The top leaders of the District, Virginia and Maryland said Tuesday they’d like to go abroad together on a joint trade mission to drum up business for the Washington region as a whole rather than just for their individual jurisdictions.
Such a combined effort, which would be a significant change from past practice, was initially endorsed by District Mayor Muriel E. Bowser (D) and Virginia Gov. Terry McAuliffe (D) at a morning business forum in McLean. The office of Maryland Gov. Larry Hogan (R) later expressed willingness, as well.
Elected officials usually justify costly foreign travel by emphasizing the need to compete for jobs and deals with other cities and states – including their immediate neighbors.
But Washington area business and civic leaders are increasingly pushing politicians to battle less with one another and collaborate more, partly as a way to soften the damage to the region from the federal spending slowdown.
Supporters of a regional approach say the Washington area, including Northern Virginia and the Maryland suburbs, is a single economic unit and would benefit from being marketed that way. Joint trade missions also could reduce travel costs and make it easier to get access to top decision makers overseas.
“I’d love to go with Muriel and Gov. Hogan,” McAuliffe said. “The more regionally we can work together, the better off we are.”
No destination has been selected, although Canada and Cuba have been suggested as possibilities.
“Our teams are going to talk,” Bowser said. “I think there are some exciting opportunities.”
The agreement in principle on a joint trade mission was the highlight of an event at which Bowser, McAuliffe and Maryland Senate President Thomas V. Mike Miller Jr. (D-Calvert) discussed the potential advantages – but also the challenges – of regional cooperation.
Miller teased McAuliffe that if he really supported collaboration, then he wouldn’t try to persuade Marriott to move its corporate headquarters from Montgomery County to Northern Virginia. Maryland and Virginia are in high-profile contests over the future site of both Marriott and a new headquarters for the FBI.
“You don’t need to just talk the talk, you need to walk the walk,” Miller said, pointing a finger at McAuliffe. “The first thing we need to do is, we need to keep Marriott in Maryland.”
McAuliffe rose to the bait. “If they [Maryland] lower their taxes, then maybe,” he said, to laughter and applause from the audience of about 500 business executives.
Bowser then jumped in with a plug of her own: “We have to say where the Marriott corp. was born: Washington, D.C.”
Much of the talk focused on transportation. Participants hailed the recent appointment of a new general manager for the Metro transit system, but McAuliffe said it had taken too long because of divisions among the jurisdictions.
“The [Metro] board has been somewhat dysfunctional,” McAuliffe said. “It should not have taken us a year to get a general manager on one of the greatest systems in the globe.”
Bowser faulted the region for being unable to provide Metro with a dedicated stream of funding.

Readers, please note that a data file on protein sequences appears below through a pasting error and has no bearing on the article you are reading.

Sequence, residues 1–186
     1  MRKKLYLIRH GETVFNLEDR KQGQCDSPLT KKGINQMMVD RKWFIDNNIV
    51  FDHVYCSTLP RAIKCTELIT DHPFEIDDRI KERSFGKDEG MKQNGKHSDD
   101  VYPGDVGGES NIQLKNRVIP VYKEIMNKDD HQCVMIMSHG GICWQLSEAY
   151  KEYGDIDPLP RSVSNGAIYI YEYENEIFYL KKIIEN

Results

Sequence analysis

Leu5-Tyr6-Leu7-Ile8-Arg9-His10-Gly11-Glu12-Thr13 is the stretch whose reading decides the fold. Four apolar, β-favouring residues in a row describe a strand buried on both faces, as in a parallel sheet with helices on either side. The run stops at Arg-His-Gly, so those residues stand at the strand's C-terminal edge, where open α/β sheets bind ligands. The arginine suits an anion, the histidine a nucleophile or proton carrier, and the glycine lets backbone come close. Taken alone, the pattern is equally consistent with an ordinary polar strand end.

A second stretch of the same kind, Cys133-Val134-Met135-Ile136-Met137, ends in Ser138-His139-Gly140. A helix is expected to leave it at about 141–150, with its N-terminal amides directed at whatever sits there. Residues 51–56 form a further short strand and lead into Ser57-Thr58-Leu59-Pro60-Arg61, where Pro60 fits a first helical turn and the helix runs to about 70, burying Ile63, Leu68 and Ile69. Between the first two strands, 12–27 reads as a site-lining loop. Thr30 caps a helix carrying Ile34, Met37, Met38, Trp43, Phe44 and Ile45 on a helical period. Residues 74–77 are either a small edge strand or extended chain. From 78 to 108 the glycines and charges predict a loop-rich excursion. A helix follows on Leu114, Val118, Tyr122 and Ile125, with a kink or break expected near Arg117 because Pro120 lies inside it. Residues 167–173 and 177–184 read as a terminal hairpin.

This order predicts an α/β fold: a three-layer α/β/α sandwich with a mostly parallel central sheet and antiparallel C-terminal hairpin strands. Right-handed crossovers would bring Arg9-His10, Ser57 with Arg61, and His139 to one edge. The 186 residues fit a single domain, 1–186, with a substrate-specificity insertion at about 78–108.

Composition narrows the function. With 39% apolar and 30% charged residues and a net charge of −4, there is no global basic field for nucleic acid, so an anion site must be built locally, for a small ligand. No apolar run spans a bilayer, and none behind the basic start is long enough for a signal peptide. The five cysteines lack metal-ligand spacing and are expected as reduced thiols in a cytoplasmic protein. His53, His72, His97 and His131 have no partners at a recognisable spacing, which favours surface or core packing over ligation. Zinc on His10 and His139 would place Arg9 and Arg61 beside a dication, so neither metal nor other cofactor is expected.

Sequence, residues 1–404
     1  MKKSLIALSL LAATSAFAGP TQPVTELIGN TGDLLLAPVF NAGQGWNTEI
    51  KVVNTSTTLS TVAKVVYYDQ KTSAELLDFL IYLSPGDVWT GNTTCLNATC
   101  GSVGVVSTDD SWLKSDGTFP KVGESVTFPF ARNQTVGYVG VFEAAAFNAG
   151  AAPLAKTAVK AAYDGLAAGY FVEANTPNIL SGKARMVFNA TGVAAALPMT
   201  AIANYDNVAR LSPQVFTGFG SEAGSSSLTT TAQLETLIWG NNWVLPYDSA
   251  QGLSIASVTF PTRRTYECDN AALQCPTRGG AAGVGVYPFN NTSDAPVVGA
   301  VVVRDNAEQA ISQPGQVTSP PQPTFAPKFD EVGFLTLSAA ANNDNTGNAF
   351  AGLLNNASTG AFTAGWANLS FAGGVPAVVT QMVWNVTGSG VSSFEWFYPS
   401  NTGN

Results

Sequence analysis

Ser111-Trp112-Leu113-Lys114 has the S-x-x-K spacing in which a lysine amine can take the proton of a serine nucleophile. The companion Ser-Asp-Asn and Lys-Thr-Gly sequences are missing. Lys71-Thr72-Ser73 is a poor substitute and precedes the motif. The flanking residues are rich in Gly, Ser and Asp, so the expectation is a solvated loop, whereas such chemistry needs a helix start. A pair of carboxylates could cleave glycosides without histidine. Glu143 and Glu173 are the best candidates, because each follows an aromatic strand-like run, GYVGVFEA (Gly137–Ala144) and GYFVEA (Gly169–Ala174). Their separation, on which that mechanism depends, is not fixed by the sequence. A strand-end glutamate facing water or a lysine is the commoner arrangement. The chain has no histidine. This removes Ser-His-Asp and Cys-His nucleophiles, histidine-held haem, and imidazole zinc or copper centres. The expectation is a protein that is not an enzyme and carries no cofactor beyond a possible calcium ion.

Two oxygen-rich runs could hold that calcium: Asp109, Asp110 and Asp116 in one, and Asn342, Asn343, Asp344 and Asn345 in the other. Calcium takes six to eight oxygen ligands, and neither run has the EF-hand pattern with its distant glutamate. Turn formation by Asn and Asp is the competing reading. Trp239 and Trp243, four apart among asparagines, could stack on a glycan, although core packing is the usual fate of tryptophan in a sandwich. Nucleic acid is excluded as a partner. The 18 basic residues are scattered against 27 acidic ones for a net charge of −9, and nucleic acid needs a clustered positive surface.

The jurisdictions “haven’t responded on that in 40 years,” Bowser said afterward. “That’s not new. What is new is we recognize we have a middle-aged system and we shouldn’t have to figure out from year to year how to pay for it.”
The leaders spoke at the Capital Region Business Forum, which was billed as the start of an annual series to encourage elected officials to think regionally.
Principal organizers were the Greater Washington Board of Trade and the Fairfax and Prince George’s Chambers of Commerce. They expressed satisfaction with the results, despite the competitive banter.
“You’re going to talk about the competition over Marriott, and okay, but really, let’s focus more on the opportunities for collaboration, and I think they raised a lot of them, with Metro at the top of the list,” said James C. Dinegar, president of the Greater Washington Board of Trade.
On the issue of where to rebuild Potomac bridges, or add a new one, Miller agreed with McAuliffe on the need to address chronic congestion on the American Legion bridge on the Capital Beltway between Montgomery and Fairfax counties. Miller said it was necessary as well to rebuild the Gov. Harry W. Nice Memorial Bridge, which links Charles and King George counties.
But Miller also said Maryland would have a hard time finding money for bridges because of Hogan’s recent cuts in tolls.
Asked to comment, Hogan spokesman Doug Mayer said the recent toll reductions had not affected funds available for bridges. He added, “If Senate President Miller wants to make an extra $4 donation every time he crosses the Bay Bridge, the Maryland Transit Administration will be happy to collect it. I doubt any of his constituents feels the same way.”
Mayer also said that while Maryland was willing to discuss the American Legion bridge with Virginia, the Hogan administration placed a higher priority on reducing congestion on Interstate 270.
Some participants were disappointed that Hogan had not attended. He has been battling cancer, but was well enough Tuesday to attend two public events in western Maryland during a four-day visit to that part of the state.
Organizers and the governor’s office said that when the invitation was initially extended in August, Hogan was unable to accept because of uncertainties about his health.
Mayer said visiting western Maryland was “very important” to Hogan, because “the rural portions of the state haven’t received the attention they deserved over the years.”
But he said Hogan supported Washington-area cooperation, and noted that the governor had invited Bowser and McAuliffe to attend a regional summit in Annapolis in February or March.
As for the joint foreign trade mission, Mayer said: “We’d be open to that. It would depend on scheduling, but the general idea, sure.”